implicit none  !Allows us to find compile mistakes
  
  integer,external :: sums

  
  integer :: a = 5, b = 10, results
  
  results = sums(a, b)
  
  write(*,*) results
    
end program sandbox


integer function sums(a, b)

  integer, intent(in) :: a, b
  

  sums = a + b
  
  return

end function sums
				

Fibonacci List


Finally...we're going to make our first application...


So grab your favorite text editor and get ready...


Name your file "fibonacci.f95"


				
program fibonacci

  
  implicit none
  
  
  integer :: a=0, b=1, num
  
  write(*,'(a)',advance="no") "Enter a number: "
  
  read(*,*) num
  
  write(*,*) trim(fib(num, a, b))
  

contains


recursive function fib(num, a, b) result(fibo)


  integer, intent(in) :: num, a, b

  integer :: ab

  character(1000) :: a_s, b_s, ab_s

  character(1000) :: fibo  
				
				  
  if(a > 0 .and. num > 1) then

    ab = a + b

    write(ab_s, '(I0)') ab

    fibo = trim(ab_s) // " " // fib(num - 1, ab, a)

  else if (a == 0) then

    ab = a + b

    write(a_s, '(I0)') a

    write(b_s, '(I0)') b

    write(ab_s, '(I0)') ab

    fibo = trim(a_s) // " " // trim(b_s) // " " // trim(ab_s) // " " // trim(fib(num - 1, ab, b))

  else

    fibo = ""

   end if
  
  return

end function fib

end program fibonacci
				

Open the Terminal and go to your source code folder...

gfortran -Wall -c "Name_of_File.f95"

gfortran -Wall -o "Name_of_Exec" "Name_of_File.f95"


When we run it we're going to see...


Making an LED Number App


This is one of my favorite codes of all time...


Name your file "LED_Numbers.f95"


				
program LED_Numbers

  
  implicit none

  
  character(100) :: num
  
  integer :: leng 
  
  integer, dimension(:), allocatable :: nums
  
  integer i, j, x, lenled
  
  integer :: allst
  
  character(15), dimension(10) :: leds
  
  character(:), allocatable :: led1
  
  character(:), allocatable :: led2
  
  character(:), allocatable :: led3
  
  character(:), allocatable :: text
  
  character(:), allocatable :: concat
				
				
  leds(1) = " _  ,| | ,|_| ,"

  leds(2) = "  ,| ,| ,"

  leds(3) = " _  , _| ,|_  ,"

  leds(4) = "_  ,_| ,_| ,"

  leds(5) = "    ,|_| ,  | ,"

  leds(6) = " _  ,|_  , _| ,"

  leds(7) = " _  ,|_  ,|_| ,"

  leds(8) = "_   , |  , |  ,"

  leds(9) = " _  ,|_| ,|_| ,"

  leds(10) = " _  ,|_| , _| ,"

  
  led1 = ""

  led2 = ""

  led3 = ""
				
				
  write(*,'(a)',advance="no") "Enter a number: "

  read(*,*) num
  

  leng = LEN(TRIM(num))

  allocate(nums(leng), stat=allst)
 

  nums = get_digits(trim(num))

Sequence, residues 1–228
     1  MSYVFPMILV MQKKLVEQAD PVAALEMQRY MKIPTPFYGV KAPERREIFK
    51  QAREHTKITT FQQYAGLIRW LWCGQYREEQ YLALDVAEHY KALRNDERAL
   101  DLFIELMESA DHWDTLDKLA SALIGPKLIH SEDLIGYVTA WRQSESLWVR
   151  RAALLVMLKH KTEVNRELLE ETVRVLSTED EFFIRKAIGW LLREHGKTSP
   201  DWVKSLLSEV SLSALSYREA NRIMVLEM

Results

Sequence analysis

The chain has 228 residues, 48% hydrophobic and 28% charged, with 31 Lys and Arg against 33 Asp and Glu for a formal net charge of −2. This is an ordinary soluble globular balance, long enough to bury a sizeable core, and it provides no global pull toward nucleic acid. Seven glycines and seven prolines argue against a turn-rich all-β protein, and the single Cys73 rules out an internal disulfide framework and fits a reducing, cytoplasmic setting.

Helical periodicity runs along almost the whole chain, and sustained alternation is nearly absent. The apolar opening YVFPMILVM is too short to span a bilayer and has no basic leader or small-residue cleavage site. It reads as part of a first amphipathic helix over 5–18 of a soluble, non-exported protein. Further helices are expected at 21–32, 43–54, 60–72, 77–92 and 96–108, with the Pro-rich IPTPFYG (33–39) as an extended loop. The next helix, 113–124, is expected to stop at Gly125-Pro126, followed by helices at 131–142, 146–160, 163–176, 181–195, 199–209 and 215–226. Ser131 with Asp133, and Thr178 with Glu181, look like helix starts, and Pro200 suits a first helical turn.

concat = ""
	

  do i = 1, leng

    x = 1

    text = trim(leds(nums(i) + 1))

    lenled = len(trim(text))
				
				
    do j = 1, lenled

      if(text(j:j) /= ",") then

        concat = concat // text(j:j)

      else

        select case (x)

          case (1)

            led1 = led1 // concat

          case (2)

            led2 = led2 // concat

          case (3)

            led3 = led3 // concat

        end select

        concat = ""

        x = x + 1
				
				
      end if

    end do

  end do

  
  write(*,*) led1

  write(*,*) led2

  write(*,*) led3
  

  contains  
				
				
    function get_digits(num)

      character(100):: num

      integer :: allst

      integer :: numslide

      integer :: leng

      integer :: cvtErr

      integer :: i
 
      integer, dimension(:), allocatable :: get_digits
 

      leng = len(trim(num))

      allocate(get_digits(leng), stat=allst)
 
      do i = 1, leng

        read(num(i:i), * ,iostat=cvtErr) numslide

        get_digits(i) = numslide

      end do 
  
      return
  
    end function get_digits
  
end program LED_Numbers
				

When we run it we're going to see...


Random Names


This App will generate 100,000 random names using two 16 elements arrays


We will measure the runtime


Name your file "Random_Names.f95"


				
program randon_names
 
 
  implicit none
 
 
  real :: start, finish

  real :: x

  integer :: i, n, clock

  character(8), dimension(16) :: names

  character(12), dimension(16) :: last_names

  character(21), dimension(100000) :: full_names

  integer counter

  integer, dimension(:), allocatable :: seed

  integer rand1, rand2

 
  call cpu_time(start)				
				
				
  names =  (/"Anne    ", "Gigi    ", "Blag    ", &

             "Juergen ", "Marek   ", "Ingo    ", &

             "Lars    ", "Julia   ", "Danielle", &

             "Rocky   ", "Julien  ", "Uwe     ", &

             "Myles   ", "Mike    ", "Steven  ", &